In the winter, Trump & # 39; s So remains a state secret.

WASHINGTON – Trees in the capital are sterile and thin. The temperature has dropped, requiring swollen coats. With the government open, for now, President Trump has left the coldness of governing during a weekend in Palm Beach.

But in a city where the operation of the federal government has not been secure for a long time, Trump has adhered to a constant: a brightly shined glow from the sun, one that has shone like a traffic light against the gray background of Washington . Like Warhol's white hair or Big Bird's saffron plumage, the vibrant tone of the president is so constantly present and meticulously maintained that it was a representation of him embedded in the culture long before he entered politics.

The shadow of the president is one that Alec Baldwin, the actor who plays Mr. Trump regularly on "Saturday Night Live", recently described as wavering between a "Mark Rothko orange" and a "slightly paler Orange Crush", according to the scenario . That at this moment is February in Washington.

"What is not in the tropics for the last time I checked," Baldwin said in an interview.

The official line of the White House, as with other issues related to physical health and the appearance of the president, is that the glow of Trump is the result of "good genes", according to a senior administration official who would speak only on condition of anonymity.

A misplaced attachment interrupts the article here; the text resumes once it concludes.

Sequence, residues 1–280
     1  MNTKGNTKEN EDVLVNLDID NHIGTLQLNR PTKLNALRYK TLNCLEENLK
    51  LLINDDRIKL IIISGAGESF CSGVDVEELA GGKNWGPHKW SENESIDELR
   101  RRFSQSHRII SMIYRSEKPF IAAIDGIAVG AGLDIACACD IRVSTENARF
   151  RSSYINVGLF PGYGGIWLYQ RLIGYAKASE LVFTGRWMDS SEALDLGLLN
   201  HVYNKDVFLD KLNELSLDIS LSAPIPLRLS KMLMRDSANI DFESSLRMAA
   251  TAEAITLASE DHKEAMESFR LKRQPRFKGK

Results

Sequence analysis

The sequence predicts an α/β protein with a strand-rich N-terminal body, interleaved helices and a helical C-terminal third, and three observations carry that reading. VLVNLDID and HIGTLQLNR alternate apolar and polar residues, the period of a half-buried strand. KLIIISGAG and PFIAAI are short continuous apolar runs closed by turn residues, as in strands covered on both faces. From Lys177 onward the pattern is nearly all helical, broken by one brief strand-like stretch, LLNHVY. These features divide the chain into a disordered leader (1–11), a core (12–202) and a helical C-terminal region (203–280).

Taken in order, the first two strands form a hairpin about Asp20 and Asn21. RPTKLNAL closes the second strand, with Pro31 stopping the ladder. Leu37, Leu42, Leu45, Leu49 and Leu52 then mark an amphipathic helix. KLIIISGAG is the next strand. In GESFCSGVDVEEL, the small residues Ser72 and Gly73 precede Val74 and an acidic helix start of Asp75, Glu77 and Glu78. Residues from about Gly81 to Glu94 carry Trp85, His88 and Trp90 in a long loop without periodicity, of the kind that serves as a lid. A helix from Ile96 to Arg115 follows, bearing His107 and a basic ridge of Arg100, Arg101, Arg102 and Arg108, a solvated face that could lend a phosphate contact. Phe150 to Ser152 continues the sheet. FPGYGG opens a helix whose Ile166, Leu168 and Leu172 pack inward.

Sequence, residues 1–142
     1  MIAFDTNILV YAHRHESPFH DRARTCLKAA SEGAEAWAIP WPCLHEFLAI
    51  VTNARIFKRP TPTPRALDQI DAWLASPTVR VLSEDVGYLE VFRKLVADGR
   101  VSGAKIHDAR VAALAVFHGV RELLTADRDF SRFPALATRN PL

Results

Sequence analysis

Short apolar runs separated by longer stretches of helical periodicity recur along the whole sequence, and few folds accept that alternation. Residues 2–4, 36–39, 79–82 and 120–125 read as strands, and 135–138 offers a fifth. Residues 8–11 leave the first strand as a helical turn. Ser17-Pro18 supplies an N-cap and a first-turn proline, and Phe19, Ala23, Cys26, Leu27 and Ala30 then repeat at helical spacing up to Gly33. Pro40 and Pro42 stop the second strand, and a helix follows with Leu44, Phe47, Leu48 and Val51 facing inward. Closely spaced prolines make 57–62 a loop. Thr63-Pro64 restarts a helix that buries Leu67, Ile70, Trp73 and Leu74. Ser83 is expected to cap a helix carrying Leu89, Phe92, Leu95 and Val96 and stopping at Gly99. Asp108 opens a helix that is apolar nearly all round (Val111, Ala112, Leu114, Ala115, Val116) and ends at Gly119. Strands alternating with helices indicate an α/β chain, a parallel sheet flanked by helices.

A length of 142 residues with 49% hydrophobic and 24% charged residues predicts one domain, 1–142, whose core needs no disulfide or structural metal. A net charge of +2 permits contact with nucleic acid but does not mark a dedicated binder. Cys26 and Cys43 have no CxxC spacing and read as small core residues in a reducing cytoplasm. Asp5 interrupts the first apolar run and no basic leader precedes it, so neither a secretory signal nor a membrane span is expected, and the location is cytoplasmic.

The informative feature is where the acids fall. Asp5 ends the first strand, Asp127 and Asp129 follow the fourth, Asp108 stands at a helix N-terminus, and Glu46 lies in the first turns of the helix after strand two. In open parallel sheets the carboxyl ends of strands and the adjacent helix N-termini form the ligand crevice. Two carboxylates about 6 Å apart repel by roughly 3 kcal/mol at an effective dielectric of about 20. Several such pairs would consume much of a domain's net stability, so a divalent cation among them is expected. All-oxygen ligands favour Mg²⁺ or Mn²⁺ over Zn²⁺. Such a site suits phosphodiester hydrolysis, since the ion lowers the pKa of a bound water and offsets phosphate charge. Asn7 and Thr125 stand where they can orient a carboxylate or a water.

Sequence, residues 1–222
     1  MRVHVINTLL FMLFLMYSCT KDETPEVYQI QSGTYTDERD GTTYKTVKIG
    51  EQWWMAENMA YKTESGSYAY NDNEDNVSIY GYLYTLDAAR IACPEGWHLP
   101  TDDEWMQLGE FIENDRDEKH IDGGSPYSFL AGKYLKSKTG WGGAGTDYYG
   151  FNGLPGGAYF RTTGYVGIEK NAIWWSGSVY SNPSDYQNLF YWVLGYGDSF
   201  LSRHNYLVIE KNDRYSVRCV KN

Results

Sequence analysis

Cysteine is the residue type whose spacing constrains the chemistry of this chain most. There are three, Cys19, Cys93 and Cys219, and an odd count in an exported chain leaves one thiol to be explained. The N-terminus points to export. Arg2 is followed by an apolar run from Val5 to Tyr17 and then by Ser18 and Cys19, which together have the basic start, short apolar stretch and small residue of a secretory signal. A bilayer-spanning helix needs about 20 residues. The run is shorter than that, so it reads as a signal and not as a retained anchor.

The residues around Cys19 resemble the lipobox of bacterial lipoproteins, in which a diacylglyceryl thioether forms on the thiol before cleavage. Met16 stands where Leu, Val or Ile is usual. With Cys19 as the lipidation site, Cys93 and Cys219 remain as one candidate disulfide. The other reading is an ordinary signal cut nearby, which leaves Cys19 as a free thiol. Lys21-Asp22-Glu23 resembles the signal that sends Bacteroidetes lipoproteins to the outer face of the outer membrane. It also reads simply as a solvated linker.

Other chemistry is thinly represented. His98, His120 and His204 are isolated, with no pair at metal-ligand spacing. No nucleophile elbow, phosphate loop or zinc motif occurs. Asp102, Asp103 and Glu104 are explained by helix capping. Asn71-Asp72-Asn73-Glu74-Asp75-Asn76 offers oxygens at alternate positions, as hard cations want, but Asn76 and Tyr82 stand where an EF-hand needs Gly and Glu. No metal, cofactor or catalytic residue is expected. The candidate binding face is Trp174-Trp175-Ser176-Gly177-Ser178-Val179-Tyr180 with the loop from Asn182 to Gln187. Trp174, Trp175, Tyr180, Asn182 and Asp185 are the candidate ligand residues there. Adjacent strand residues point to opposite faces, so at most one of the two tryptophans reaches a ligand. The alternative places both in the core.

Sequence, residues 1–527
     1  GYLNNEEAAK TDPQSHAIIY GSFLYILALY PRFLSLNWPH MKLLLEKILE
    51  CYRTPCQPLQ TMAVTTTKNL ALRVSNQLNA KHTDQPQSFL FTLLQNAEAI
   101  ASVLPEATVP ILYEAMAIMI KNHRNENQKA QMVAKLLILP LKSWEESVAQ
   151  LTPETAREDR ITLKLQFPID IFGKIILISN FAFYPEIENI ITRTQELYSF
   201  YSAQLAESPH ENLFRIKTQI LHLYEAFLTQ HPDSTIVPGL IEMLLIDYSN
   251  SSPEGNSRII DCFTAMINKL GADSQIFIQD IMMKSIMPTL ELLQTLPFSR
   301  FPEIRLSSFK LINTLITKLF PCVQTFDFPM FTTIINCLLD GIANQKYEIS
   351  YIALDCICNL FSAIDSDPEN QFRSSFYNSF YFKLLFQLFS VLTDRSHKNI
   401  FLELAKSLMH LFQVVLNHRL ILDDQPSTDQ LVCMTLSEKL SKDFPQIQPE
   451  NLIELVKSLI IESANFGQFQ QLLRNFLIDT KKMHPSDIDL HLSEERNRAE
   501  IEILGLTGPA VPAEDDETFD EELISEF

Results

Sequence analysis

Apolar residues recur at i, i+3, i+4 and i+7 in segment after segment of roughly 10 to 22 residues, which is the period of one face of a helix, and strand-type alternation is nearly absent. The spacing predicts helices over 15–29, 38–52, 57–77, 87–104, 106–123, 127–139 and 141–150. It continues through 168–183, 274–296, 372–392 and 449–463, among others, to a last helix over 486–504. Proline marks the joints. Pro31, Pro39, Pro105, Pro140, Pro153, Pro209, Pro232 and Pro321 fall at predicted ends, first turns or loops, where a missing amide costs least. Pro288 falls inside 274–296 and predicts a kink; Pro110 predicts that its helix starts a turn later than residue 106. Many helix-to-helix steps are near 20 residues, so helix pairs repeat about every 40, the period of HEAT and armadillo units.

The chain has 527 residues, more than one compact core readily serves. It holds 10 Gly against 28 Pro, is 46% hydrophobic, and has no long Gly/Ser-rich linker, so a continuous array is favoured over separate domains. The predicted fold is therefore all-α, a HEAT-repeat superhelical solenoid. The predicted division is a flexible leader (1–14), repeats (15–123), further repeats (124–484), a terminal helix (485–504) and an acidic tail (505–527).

And, O.K., a little dust, a translucent one, not a bronzer, that the president applies before television appearances, the official said.

But the mysteries abound. A persistent question: does Mr. Trump use a tanning bed, like A talkative makeup artist said in 2016 and Omarosa Manigault Newman, a former badistant, stated in a book that says it all? (Ms. Manigault Newman wrote that an usher was fired for mishandling the transport of the contraption).

The former clbadmates of the Trump boarding school have described him as a fan of ultraviolet rays, someone who would blow a tan lamp in a light socket to go "to the beach". Even James B. Comey, the former F.B.I. Director became a presidential enemy, speculated on the brightness of Mr. Trump. "The president's face seemed slightly orange," Comey wrote in his memoirs, "with bright white half-moons under his eyes where I badumed he was putting on little tan goggles."

But according to three people who have spent time in the residence of the White House, there is no tanning bed or cabin in a hidden corner of the residence, a crack in the East Wing or a wardrobe in Air Force One. Two senior officials of the White House insisted that there is no such device.

Several of the president's supporters had little to say when asked how the president achieves his brilliance or other ways in which he prepares to prepare the camera. A former campaign member admitted that some aspects of the president's process sounded "like a captivating story," but she declined to elaborate, saying Mr. Trump should be allowed to dress in peace.